The objective of the thesis is to measure the impact of the Global Financial Crisis on the retirement of workers in Australia. Contrary to the previous research that used the 1990s stock market boom in the US as a natural experiment, in this thesis, we use the 2009 Global Financial Crisis that provides another natural experiment to explore the retirement behavior after a negative shock on older worker’s superannuation wealth.
Since the amount of superannuation wealth is not directly observable in the years we are interested in, we separate individuals into two groups to identify the effect of negative wealth shock on retirement. One group consists of individuals with an accumulation superannuation fund whose wealth should have been impacted by the shock (the treatment group). The other group is made up of individuals with a defined benefit superannuation fund whose wealth should not been affected (the control group). The retirement probabilities of the two groups are compared in order to measure the effect of the wealth shock on retirement.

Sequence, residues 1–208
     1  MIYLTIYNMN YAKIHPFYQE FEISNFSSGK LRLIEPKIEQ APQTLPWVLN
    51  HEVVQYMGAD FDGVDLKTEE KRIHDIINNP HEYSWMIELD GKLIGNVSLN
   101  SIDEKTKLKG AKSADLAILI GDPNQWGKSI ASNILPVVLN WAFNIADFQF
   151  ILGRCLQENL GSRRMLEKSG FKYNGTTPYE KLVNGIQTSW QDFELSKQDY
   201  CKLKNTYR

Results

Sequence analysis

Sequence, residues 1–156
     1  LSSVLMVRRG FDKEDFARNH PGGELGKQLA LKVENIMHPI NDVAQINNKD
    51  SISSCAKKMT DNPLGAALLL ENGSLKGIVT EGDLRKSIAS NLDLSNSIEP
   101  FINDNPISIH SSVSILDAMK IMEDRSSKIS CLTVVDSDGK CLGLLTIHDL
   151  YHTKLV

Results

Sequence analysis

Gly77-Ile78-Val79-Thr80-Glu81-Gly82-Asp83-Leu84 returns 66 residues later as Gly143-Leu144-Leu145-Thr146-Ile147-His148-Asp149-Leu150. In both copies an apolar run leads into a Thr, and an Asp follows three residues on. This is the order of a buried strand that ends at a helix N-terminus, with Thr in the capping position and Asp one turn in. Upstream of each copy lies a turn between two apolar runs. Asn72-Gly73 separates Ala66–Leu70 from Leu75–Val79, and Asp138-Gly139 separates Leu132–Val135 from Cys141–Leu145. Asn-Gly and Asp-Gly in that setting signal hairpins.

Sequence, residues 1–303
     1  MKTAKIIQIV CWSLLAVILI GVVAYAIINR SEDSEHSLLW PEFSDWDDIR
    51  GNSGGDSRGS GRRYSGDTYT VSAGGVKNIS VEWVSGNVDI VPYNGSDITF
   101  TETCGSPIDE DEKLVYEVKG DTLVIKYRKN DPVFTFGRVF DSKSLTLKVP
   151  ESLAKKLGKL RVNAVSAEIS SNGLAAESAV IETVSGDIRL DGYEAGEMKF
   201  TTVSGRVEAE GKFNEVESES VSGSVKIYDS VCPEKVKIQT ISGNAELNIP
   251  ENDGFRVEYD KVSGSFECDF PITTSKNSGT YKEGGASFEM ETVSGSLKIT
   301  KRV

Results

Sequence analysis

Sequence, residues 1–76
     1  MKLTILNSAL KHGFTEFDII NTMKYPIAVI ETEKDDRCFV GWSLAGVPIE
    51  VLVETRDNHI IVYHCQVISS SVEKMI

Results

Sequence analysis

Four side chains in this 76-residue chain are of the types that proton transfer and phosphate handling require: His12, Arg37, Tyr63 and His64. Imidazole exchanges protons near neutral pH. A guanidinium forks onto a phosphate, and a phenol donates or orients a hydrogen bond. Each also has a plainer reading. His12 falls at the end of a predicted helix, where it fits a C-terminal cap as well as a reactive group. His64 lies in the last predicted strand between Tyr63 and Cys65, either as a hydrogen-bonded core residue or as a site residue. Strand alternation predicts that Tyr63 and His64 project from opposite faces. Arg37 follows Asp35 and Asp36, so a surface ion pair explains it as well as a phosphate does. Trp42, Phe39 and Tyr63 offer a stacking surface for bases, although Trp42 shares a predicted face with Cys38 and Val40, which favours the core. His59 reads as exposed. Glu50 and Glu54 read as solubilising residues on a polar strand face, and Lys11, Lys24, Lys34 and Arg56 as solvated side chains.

Our result shows that individuals with an accumulation superannuation fund, who was supposed to see a decrease in superannuation wealth, saw a lower probability of retirement compared to individuals with a defined benefit superannuation fund. However, the difference of the two groups’ retirement probability is -0.407%. This result implies the negative shock on superannuation wealth has a negligible effect on the worker’s retirement in Australia.